Over in the state of North Carolina, legislators recently forbade the use of climate science to establish coastal flood zones for planned developments. However, if you buy there, you might not get a coverage for your beautiful new home by the water. Unlike the federal government, insurers can stop issuing policies after repeated floods, and quit paying to rebuild.
Love is Blind: As long as places are fun (like Manhattan) and beautiful (like Florida), some people will always come back, but hopefully with different expectations. The biggest problem is our not understanding there is a problem, and we are slowly learning.
My step-daughter Lucinda was in New York for Hurricane Sandy. “Actually, it was pretty boring. We had electricity, so we watched videos and ordered out for pizza for four days. There were long lines at all the delis and coffee places.” None of her friends did any preparation except to make extra runs to the liquor store, and in the end considered themselves lucky.
Last June, I had a conversation about climate change with a Bangladeshi shoe-shine man in the Toronto airport. He was putting two sons through engineering school. “Do you think there will be many people moving from Bangladesh because of the sea-level rise?” I asked. “Oh no,” he smiled, “It is so beautiful along the coast of my country, people will move out of the way of the water, then they will always move back.”
I shrugged my shoulders. If they are okay with regular flooding, who am I to say differently? It’s a form of adaptation.
Unnatural Disasters and Being Brave in a New World: I am given hope, with the mountain of challenges for climate adaptation, remembering that each generation has had vast challenges of their own.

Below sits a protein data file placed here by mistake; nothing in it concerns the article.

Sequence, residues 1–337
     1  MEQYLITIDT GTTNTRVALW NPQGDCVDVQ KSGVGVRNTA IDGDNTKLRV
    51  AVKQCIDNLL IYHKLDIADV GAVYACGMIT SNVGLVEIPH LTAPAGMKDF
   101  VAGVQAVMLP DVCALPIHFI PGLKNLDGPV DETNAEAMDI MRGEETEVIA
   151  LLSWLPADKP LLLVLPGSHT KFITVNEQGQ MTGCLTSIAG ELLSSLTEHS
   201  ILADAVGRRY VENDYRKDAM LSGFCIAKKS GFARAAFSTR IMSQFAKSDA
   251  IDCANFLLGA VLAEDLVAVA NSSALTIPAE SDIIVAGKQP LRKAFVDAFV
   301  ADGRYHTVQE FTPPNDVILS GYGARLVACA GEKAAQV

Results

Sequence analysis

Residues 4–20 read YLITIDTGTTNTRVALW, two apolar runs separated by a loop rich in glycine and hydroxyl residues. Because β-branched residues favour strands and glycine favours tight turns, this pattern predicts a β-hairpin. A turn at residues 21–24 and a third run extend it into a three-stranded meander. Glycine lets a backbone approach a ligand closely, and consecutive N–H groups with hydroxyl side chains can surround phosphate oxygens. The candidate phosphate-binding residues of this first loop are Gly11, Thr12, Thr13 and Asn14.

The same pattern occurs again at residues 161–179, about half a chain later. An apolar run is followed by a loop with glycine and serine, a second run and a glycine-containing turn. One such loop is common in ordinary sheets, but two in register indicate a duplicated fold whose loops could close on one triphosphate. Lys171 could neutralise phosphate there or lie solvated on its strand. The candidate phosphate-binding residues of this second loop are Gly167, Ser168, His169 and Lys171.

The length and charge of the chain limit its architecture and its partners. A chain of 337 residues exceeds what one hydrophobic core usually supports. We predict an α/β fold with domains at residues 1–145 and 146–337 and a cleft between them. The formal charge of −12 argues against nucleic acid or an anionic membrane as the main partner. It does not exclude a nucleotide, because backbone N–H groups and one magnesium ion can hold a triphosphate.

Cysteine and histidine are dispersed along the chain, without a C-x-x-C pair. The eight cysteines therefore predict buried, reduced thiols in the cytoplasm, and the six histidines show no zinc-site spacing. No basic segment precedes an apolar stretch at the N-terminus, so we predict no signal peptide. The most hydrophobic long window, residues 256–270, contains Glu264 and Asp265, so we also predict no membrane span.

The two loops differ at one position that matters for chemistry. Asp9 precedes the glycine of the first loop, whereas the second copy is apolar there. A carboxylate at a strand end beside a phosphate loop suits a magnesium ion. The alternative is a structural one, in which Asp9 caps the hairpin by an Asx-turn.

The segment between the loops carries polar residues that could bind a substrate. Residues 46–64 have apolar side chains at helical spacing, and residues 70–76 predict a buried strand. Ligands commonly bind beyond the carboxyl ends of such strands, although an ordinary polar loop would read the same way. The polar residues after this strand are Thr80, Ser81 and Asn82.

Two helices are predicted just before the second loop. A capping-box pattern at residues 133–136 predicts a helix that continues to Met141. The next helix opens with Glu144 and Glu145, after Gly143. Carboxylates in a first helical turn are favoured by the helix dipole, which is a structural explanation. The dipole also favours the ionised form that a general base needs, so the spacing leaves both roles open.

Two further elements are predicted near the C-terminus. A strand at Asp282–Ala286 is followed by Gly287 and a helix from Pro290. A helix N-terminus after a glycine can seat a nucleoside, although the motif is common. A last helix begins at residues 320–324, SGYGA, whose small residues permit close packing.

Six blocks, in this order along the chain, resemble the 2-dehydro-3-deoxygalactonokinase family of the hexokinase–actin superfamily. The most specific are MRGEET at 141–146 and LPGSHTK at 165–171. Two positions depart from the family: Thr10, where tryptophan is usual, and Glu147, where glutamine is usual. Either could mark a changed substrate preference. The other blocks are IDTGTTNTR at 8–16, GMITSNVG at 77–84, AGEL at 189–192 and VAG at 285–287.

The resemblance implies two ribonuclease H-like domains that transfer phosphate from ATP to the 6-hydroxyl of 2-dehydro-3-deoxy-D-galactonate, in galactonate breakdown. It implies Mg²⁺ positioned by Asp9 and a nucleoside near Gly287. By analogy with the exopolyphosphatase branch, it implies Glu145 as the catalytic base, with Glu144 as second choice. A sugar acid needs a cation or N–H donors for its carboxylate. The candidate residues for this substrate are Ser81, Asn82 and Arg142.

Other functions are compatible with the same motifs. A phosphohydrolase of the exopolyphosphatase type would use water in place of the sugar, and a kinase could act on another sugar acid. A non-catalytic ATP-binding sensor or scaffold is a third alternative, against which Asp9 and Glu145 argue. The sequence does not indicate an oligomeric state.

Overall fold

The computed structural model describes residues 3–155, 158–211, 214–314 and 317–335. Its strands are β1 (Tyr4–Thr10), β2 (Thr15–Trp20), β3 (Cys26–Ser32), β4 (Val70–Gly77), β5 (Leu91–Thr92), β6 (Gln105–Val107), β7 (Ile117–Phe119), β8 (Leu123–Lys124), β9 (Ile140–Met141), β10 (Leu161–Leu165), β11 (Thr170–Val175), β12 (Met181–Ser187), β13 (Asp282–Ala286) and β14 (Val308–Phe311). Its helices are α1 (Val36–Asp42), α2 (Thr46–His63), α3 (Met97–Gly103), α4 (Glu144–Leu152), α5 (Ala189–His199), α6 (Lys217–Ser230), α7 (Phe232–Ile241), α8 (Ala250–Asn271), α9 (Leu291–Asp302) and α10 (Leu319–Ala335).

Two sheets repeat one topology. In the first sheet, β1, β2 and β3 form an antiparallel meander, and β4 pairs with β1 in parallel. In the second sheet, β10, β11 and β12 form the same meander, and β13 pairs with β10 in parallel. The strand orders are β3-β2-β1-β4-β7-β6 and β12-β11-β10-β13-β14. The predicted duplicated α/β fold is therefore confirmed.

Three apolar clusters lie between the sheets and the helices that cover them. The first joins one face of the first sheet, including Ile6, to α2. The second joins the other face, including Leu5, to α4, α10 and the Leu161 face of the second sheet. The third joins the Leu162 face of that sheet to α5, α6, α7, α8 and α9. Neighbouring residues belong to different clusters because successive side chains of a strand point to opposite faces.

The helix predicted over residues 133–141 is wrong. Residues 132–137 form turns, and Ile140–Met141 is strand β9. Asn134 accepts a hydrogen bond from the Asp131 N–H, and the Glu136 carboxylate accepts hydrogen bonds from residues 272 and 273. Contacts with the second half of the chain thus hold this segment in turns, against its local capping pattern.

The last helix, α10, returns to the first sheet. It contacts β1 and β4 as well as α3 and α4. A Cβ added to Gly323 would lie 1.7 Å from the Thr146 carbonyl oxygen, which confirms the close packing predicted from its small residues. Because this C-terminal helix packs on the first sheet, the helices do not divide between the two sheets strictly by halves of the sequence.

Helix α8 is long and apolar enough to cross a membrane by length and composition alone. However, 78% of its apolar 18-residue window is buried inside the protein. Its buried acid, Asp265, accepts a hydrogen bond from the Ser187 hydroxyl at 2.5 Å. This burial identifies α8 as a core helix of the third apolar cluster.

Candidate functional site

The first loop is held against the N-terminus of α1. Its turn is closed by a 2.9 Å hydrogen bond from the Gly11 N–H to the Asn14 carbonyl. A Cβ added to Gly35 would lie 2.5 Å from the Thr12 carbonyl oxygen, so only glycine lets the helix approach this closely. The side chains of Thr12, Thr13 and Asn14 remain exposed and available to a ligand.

During the Cuban Missile Crisis, my father was teaching high school in Los Angeles. The floor-to-ceiling windows of his classroom looked out over downtown L.A. – which was (naturally) considered a target in the upcoming nuclear holocaust.
The administrator came in to share the emergency response plan: “Tell the students to get under their desks, and keep them inside until their parents come. If a fire starts, put it out.” He handed my dad a first aid kit, and walked out of the room. It’s a funny story when my dad tells it – grinning with irony.
So, despite complexity of planning in this changing environment with a growing global population, I feel much more empowered than my father did. Our landscapes and resource use will likely change radically during in my lifetime, but we can respond, plan, prepare, and adapt. That’s the nature of humanity. I get impatient, but I think we’re finding our way forward – bravely, into this new world.
And One More Thing: After publishing this post, I found an outrageous 2012 temperature chart on Peter Gleik’s Twitter feed (in case anyone has any doubts about the weirdness of the weather). I haven’t been able to find anything comparable for Canada, but this has to be worth a thousand words.